Consistent with its “every day should feel as exceptional as the start of a long weekend” credence, Abercrombie & Fitch Co. (NYSE: ANF) opened a new store on famed 5th Avenue on Friday. The lavish, multilevel location echoes not only the glitz of New York City but also how far the clothing retailer has come over the past year.
After its core teen customers bought significantly less in 2022, ANF turned to new audiences to strengthen sales and reduce its teen dependency. The Abercrombie brand has been retooled to cater to young adults in their 20’s, 30’s and even 40’s. A broadened ANF wardrobe also includes apparel and accessories for the office worker and for ‘special occasions.’
In conjunction with the pivot, management has been working hard to lower costs, reduce inventories and bolster the company’s digital offerings. The result: a return to top-line growth in the last two quarters — punctuated by a shockingly good profit in Q1 that caused ANF shares to gap up in eight times normal volume.
The stock has trended higher since and is trading near its 52-week high of $38.21. Heading into next month’s Q2 earnings release, though, is this momentum play still worth trying on?
Will Abercrombie & Fitch Top Q2 Estimates?
Wall Street is projecting another profitable quarter driven by improving demand and markets — but plenty of hurdles could get in the way. High prices and interest rates may have led to cautious clothes spending, especially absent a major shopping season like back-to-school.
The extent to which ANF’s newfound adult customer base spent on summer outfits could make or break the quarter. The consensus forecast of 4% revenue growth is far from a lock considering the company missed Q2 estimates badly last year.
Yet with the stock having more than doubled since then, shareholders are hoping Abercrombie & Fitch is a different company this time around. A move into new consumer segments has undoubtedly expanded the company’s total addressable market (TAM).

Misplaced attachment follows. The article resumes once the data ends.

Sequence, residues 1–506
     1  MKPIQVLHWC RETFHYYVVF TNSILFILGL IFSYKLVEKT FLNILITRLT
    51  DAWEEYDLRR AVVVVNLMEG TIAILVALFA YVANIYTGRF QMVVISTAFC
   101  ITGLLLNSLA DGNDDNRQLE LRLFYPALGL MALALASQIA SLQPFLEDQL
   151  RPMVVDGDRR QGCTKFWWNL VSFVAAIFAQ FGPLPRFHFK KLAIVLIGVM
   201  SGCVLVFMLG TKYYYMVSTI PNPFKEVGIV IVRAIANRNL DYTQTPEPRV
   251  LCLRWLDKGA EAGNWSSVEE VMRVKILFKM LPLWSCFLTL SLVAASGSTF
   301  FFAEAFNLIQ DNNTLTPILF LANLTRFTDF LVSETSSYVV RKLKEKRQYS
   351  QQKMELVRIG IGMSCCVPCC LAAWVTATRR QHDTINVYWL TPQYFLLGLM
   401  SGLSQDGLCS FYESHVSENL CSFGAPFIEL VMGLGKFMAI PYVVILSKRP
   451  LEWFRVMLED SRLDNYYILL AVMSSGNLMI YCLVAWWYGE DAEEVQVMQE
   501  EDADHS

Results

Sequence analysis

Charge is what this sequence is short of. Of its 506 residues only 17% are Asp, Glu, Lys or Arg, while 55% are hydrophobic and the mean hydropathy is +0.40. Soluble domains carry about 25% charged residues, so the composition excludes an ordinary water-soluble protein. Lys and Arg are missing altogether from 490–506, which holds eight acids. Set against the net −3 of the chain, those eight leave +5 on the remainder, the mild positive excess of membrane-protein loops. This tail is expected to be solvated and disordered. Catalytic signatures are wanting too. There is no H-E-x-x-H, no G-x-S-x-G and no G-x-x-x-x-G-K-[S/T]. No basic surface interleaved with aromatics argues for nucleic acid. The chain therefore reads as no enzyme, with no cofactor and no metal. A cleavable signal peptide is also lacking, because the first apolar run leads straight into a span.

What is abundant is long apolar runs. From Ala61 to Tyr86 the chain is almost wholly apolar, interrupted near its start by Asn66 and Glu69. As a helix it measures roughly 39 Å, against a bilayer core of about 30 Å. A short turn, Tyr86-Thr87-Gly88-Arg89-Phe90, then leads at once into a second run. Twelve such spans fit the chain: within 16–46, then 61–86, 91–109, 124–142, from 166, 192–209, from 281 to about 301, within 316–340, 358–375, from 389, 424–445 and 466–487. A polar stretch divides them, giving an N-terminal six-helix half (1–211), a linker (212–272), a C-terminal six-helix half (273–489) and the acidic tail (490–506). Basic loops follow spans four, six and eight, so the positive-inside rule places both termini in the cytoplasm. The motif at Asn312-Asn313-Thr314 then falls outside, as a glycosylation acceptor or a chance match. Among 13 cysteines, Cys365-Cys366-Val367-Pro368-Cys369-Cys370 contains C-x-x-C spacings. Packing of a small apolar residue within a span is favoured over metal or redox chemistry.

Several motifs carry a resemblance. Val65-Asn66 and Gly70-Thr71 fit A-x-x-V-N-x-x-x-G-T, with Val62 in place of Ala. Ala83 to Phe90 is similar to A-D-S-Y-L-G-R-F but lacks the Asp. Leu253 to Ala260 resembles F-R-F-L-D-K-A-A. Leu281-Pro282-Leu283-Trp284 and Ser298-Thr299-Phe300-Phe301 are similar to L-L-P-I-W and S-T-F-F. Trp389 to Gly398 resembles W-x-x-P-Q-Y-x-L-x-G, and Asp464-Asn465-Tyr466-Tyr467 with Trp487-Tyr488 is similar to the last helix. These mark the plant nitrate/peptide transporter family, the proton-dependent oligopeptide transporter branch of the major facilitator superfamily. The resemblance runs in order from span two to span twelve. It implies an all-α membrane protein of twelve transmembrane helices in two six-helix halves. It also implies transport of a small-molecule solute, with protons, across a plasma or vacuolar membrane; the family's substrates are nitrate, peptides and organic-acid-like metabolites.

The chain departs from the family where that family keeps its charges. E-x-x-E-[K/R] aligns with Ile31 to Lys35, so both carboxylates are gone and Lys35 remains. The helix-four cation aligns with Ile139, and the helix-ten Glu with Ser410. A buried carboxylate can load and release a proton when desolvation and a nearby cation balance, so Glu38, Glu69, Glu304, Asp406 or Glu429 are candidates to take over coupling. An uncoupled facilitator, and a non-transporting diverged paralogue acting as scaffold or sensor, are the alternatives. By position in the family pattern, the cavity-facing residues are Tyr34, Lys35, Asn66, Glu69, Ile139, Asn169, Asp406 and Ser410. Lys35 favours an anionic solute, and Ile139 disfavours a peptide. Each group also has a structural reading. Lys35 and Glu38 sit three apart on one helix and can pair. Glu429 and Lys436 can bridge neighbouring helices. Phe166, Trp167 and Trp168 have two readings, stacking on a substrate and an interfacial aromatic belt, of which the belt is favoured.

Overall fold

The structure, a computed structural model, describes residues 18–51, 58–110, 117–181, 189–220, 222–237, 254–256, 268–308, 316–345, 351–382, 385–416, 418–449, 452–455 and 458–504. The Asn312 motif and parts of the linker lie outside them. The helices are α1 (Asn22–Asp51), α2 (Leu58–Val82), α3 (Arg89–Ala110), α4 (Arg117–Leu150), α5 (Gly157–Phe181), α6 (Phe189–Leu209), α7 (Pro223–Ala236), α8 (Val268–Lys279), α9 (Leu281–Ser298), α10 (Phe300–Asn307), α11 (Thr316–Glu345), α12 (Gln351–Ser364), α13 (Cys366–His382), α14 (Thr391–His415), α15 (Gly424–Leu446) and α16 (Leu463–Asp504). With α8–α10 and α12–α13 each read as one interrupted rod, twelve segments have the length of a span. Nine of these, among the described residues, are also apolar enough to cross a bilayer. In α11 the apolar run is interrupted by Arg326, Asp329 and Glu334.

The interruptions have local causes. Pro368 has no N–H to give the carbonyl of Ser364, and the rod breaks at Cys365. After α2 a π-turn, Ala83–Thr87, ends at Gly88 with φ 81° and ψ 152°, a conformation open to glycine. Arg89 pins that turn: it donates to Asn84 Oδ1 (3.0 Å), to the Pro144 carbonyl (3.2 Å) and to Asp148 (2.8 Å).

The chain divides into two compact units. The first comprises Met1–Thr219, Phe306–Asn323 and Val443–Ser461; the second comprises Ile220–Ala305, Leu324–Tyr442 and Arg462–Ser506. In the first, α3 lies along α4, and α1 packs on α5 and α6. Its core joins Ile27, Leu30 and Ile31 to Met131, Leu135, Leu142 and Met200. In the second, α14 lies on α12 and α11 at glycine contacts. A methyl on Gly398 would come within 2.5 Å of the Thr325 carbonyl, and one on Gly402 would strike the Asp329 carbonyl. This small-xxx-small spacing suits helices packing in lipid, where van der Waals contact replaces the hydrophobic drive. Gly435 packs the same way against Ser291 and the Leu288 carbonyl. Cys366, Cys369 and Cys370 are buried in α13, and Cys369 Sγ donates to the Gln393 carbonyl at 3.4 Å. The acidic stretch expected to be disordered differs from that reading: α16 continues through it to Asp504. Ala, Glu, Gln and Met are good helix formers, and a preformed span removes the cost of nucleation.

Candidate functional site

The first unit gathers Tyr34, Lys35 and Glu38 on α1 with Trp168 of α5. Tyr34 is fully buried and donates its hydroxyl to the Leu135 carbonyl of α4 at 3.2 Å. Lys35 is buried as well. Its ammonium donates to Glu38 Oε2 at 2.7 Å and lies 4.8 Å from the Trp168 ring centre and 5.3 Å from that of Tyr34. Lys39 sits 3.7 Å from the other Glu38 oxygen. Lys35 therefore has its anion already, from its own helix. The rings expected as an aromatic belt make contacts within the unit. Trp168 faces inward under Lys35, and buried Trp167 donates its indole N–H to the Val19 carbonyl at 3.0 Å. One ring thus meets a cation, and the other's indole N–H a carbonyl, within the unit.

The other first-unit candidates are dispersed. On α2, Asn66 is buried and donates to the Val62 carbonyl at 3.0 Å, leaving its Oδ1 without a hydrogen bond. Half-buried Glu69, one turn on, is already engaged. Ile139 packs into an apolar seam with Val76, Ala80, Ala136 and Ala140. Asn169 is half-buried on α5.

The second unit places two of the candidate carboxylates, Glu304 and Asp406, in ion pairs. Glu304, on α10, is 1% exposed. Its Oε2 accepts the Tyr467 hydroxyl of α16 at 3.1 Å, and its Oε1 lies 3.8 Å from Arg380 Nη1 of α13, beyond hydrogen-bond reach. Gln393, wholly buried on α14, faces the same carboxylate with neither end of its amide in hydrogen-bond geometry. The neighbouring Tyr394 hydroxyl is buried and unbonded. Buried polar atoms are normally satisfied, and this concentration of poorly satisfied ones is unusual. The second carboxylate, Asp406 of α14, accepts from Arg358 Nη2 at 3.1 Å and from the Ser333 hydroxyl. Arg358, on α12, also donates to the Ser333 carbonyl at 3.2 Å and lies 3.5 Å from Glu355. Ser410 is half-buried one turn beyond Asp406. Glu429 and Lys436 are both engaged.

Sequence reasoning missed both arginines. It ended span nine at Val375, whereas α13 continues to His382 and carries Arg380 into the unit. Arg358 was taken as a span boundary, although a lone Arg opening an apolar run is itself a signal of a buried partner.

Improved digital capabilities through ANF’s websites and apps should also be supportive of sales growth. The company seems more clearly defined with its Hollister brands (including Gilly Hicks and Social Tourist) focused on the teen market, Abercrombie targeting adults and Abercrombie Kids all about kids.
The business is well-balanced too, with Abercrombie and Hollister each accounting for roughly half of total revenue. Weakness in one could be offset by strength in the other.
Analysts are expecting Q2 earnings per share (EPS) of $0.13, which would mark a huge turnaround from the $0.30 per share net loss a year ago. Along with lower freight costs and inventories, ANF will certainly have more levers to pull en route to another potential positive surprise.
Is ANF Stock Undervalued or Overvalued?
Based on the Street’s projection for 2023 EPS, Abercrombie & Fitch shares are trading at 17.5x earnings. This is below the midpoint of the stock’s five-year P/E range of 9x to 32x. A reversion to the historical midpoint would add 17% to ANF’s share price.
Looking ahead to 2024 EPS, the stock looks even more attractive at 15x. Small cap apparel retail peers Zumiez (28x) and Revolve Group (25x) are trading at much higher multiples. Mid-cap peer Boot Barn is slightly more expensive at 16x, while American Eagle (12x) and Urban Outfitters (11x) are cheaper.
Although ANF looks undervalued strictly from a P/E ratio perspective, Wall Street is clearly a house divided. Last week, Jeffries reiterated its Buy rating, saying the company is on track to meet its long-term operating margin goals. The analyst offered a Street-high $43.00 price target which implies a 15% upside over the next 12 months.
This is a sharp contrast to the Sell rating that Morgan Stanley issued last month, along with a $18.00 target that suggests at least 50% downside.
Overall, the average target calls for the stock to head back to around $30.00 over time. However, the Street has been playing catch up as ANF’s financial performances have improved.
A better-than-expected Q2 report could easily push ANF’s share price into the $40’s (if it doesn’t get there prior). Expectations will be higher than usual, though, so a disappointment could ignite a move back to the $20’s.